The savviest organizations are taking on the onus of training talent themselves, increasingly hiring people straight out of school, according to Jean-Marc Laouchez, president of the Korn Ferry Institute. These firms are also trying to instill a culture of continuous learning and training. “Constant learning — driven by both workers and organizations — will be central to the future of work, extending far beyond the traditional definition of learning and development,” Laouchez wrote. In that light, coding bootcamps have become talent pools for organizations looking for skills-based applicants over more traditional college graduates. Graduates from coding boot camps reported a quick ROI, higher salaries, and STEM career opportunities, according to recent survey of 3,800 US graduates of university coding bootcamps by US education company 2U and Gallup. All graduates reported they saw their salaries increase by a median of $11,000 one year after graduation, with those who moved from non-STEM to STEM jobs after graduation seeing the highest income growth.
If the company has already concluded that it can’t hire a full-time CDO, the next best thing is to look at individuals in the company who have some of the skills or who have backgrounds and talents that would enable them to skill up quickly. The first place to look is in the database group. The database administrator should be charged with oversight of the development of the entire corporate data architecture. When an overall data architecture is in place, you have a structure that ensures all of your various data repositories and processes can interact with each other in enterprise-wide data exchanges and ensures you have the tools, such as APIs (application programming interfaces) and ETL (extract, transform, load), to facilitate integration. This also means eradicating stand-alone data silos that might exist within the company. ... The database group can work hand in hand with the IT security group to make sure all data is properly secured and that it meets corporate governance standards, even if the data is incoming from third-party vendors.
When looking at the security of links between a company and its business partners, BCS volunteer Petra Wenham says: “We must include the company’s IT in that statement and the security of a partner’s IT system.” Junade Ali, a technologist with an interest in software engineering management and computer security, points to the OAuth vulnerability as an example of the risks organisations face across their supply chains when they connect or make use of third-party systems. “In the recent past, I’ve worked on changing practices across the industry when it comes to password security,” he says. “I developed the anonymity models used by Have I Been Pwned, the developer tooling needed to improve password security practices and published scientific studies used to change the industry understanding of the best practice.” What Ali learned was that the reuse of compromised credentials from one low-value website (say, a pizza restaurant) often cascades to compromising someone’s online banking. He adds: “The message here is clear – security isn’t purely within our fiefdom and we depend on others to keep our data safe.”
Due to the low security and visibility of these devices, they are an ideal environment for staging secondary attacks on more valuable targets inside the victim's network. To do this, an attacker will first get into the company's network through traditional approaches like phishing. Attackers can also gain access by targeting an Internet-facing IoT device such as a VoIP phone, smart printer, or camera system, or an OT system such as a building access control system. Since most of these devices use default passwords, this type of breach is often trivial to achieve. Once on the network, the attacker will move laterally and stealthily to seek out other vulnerable, unmanaged IoT, OT, and network devices. Once those devices have been compromised, the attacker just needs to establish a communication tunnel between the compromised device and the attacker's environment at a remote location. In the case of UNC3524, attackers used a specialized version of Dropbear, which provides a client-server SSH tunnel and is compiled to operate on the Linux, Android, or BSD variants that are common on those devices.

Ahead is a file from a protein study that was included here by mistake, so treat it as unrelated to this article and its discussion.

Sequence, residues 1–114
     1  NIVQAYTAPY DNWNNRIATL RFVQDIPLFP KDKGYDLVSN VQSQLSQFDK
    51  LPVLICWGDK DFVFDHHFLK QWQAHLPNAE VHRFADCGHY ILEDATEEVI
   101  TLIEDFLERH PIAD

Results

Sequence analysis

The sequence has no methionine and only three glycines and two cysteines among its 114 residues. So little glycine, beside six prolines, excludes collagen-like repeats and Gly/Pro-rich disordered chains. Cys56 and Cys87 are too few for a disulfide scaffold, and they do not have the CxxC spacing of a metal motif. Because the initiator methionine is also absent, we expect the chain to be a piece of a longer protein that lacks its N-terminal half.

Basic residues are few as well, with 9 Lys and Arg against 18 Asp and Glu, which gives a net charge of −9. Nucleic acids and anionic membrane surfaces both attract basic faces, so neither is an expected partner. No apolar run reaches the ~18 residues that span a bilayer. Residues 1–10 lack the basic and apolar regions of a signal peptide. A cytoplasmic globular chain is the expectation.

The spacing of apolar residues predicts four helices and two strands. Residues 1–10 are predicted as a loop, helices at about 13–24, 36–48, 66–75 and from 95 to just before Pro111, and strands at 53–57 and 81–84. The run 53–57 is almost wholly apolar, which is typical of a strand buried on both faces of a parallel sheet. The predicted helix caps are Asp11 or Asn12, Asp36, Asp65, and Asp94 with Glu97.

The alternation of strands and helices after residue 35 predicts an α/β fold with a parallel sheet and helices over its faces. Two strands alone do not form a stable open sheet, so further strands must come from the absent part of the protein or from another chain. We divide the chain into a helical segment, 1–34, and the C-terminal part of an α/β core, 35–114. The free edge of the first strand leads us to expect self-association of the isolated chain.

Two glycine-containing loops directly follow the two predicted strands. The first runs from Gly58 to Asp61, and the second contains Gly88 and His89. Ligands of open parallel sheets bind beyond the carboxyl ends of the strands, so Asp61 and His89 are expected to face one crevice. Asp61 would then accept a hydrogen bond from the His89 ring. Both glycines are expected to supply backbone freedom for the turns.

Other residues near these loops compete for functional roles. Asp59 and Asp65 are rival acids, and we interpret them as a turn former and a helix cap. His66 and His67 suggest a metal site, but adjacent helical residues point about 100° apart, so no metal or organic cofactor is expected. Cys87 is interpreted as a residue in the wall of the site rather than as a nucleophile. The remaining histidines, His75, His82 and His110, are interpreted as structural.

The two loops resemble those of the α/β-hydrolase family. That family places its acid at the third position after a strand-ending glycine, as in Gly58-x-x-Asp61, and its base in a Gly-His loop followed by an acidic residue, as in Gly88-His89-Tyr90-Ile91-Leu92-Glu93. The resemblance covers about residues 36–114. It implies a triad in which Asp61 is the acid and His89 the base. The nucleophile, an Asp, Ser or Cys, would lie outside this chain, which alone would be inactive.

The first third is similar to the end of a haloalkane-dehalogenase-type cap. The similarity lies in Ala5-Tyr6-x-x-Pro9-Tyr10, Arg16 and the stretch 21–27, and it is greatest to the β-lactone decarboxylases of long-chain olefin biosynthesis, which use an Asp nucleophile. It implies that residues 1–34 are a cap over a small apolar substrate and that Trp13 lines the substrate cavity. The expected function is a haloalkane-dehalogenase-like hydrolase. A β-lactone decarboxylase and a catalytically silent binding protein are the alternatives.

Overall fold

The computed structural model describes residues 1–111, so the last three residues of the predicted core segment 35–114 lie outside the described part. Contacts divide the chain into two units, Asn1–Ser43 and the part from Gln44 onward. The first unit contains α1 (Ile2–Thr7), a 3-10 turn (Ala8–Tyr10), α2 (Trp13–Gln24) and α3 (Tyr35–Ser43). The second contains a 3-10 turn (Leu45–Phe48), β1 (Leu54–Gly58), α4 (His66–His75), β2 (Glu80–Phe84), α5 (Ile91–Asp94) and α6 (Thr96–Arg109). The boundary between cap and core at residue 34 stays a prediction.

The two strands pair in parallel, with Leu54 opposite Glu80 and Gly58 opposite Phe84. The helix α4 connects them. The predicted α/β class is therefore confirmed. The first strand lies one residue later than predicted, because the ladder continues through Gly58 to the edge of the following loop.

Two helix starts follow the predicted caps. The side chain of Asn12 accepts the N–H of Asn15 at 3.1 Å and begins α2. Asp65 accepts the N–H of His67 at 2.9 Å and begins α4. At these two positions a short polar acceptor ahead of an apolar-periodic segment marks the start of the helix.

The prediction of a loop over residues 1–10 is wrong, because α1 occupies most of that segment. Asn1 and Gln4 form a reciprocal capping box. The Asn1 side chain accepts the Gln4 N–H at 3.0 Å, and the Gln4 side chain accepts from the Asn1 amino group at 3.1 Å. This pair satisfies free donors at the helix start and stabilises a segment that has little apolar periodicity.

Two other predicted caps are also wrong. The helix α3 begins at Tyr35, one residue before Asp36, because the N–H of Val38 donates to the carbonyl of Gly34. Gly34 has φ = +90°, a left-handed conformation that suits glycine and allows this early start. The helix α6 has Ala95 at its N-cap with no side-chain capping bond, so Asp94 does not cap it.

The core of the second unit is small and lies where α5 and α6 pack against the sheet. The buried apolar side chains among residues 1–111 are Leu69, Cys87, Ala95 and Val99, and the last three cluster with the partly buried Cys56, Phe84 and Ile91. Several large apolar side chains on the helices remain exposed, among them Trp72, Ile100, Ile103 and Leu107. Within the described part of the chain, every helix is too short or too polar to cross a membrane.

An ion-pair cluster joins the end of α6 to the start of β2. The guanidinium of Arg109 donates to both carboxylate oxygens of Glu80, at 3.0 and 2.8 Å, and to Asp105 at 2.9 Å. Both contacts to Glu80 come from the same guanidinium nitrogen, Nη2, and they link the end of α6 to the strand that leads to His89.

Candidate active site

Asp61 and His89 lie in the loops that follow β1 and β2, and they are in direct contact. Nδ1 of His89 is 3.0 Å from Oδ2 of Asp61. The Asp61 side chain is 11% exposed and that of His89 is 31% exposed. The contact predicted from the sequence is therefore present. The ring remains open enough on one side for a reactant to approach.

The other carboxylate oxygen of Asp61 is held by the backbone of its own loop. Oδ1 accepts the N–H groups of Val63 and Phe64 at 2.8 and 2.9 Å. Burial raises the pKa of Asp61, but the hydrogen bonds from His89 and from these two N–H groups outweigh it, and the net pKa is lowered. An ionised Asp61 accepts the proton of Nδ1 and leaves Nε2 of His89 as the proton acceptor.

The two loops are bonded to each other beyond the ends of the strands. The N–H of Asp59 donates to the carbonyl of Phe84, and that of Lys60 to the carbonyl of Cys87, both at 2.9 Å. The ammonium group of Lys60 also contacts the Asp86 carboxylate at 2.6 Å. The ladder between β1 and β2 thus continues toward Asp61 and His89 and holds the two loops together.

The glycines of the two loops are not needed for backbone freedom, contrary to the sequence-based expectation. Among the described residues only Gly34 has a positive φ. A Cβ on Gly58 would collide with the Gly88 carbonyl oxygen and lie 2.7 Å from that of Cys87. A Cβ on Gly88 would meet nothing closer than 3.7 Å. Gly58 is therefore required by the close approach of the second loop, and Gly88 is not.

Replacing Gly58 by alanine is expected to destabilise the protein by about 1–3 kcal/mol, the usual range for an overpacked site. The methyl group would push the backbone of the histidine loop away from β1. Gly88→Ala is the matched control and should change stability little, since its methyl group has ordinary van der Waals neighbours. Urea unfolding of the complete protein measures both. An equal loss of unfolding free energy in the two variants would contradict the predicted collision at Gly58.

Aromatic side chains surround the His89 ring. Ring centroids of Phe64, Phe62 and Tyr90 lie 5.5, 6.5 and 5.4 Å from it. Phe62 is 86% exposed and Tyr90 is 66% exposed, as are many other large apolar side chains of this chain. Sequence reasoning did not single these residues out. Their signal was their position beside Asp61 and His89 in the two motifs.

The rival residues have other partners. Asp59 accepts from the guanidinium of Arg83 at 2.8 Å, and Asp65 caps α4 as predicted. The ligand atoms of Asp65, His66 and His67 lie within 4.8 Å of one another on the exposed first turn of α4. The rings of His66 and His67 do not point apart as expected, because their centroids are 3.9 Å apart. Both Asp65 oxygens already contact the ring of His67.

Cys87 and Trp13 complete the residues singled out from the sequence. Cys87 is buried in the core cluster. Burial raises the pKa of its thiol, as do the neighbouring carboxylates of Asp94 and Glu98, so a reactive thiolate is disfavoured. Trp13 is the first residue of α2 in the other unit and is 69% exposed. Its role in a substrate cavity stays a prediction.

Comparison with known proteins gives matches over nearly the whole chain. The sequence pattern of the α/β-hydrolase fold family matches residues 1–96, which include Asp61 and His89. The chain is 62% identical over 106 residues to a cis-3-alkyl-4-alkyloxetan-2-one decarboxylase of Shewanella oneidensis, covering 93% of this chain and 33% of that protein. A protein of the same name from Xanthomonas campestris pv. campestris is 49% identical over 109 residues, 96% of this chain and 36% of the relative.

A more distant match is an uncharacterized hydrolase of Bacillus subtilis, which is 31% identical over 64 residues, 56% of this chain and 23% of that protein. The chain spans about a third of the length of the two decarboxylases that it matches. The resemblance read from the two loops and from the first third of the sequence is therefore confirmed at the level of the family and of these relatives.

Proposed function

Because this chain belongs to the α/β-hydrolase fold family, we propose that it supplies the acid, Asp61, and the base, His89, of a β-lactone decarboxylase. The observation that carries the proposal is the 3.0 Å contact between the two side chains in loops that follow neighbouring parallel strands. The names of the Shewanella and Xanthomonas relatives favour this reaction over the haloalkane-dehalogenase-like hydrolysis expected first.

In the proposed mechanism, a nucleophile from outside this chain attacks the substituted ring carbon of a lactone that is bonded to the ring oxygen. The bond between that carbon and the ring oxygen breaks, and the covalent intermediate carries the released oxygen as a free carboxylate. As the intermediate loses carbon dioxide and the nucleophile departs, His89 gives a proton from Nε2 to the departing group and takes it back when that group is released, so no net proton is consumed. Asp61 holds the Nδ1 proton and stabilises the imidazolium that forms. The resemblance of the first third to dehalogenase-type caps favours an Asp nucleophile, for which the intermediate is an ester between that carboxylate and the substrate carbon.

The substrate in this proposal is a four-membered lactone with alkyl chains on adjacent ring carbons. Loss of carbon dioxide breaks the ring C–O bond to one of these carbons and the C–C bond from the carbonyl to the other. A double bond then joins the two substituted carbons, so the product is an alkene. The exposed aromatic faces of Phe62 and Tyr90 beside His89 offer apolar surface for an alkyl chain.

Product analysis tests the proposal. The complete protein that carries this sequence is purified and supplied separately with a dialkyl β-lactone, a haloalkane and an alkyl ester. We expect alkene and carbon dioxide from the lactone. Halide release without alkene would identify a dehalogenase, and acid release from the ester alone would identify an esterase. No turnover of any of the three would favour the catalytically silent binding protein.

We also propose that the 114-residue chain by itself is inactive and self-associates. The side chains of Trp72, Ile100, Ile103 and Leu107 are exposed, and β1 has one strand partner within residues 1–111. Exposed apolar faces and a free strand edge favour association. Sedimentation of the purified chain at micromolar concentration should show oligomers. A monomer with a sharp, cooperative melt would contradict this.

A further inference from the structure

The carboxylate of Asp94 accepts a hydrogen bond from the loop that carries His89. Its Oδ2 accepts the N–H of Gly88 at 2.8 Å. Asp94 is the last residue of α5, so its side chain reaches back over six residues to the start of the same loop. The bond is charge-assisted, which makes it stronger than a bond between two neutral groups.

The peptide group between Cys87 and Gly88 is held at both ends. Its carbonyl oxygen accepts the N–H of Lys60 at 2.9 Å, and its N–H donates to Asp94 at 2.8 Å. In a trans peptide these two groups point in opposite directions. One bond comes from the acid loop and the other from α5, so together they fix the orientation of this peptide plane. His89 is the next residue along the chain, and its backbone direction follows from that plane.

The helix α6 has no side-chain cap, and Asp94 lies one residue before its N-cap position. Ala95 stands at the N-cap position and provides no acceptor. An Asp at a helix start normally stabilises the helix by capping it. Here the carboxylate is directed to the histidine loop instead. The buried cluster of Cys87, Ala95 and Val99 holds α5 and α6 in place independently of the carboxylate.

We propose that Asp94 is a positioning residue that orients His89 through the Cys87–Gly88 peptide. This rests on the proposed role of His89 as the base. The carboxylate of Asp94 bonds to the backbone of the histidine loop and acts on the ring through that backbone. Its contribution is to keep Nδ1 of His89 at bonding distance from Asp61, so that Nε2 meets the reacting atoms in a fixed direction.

The problem here is that surveillance technologies such as these have been commercialized. It means capabilities that historically have only been available to governments are also being used by private contractors. And that represents a risk, as highly confidential tools may be revealed, exploited, reverse-engineered and abused. As Google said: “Our findings underscore the extent to which commercial surveillance vendors have proliferated capabilities historically only used by governments with the technical expertise to develop and operationalize exploits. This makes the Internet less safe and threatens the trust on which users depend.” Not only this, but these private surveillance companies are enabling dangerous hacking tools to proliferate, while giving these high-tech snooping facilities available to governments — some of which seem to enjoy spying on dissidents, journalists, political opponents, and human rights workers. An even bigger danger is that Google is already tracking at least 30 spyware makers, which suggests the commercial surveillance-as-a-service industry is strong.
Quote for the day:
"Strategy is not really a solo sport _ even if you_re the CEO." -- Max McKeown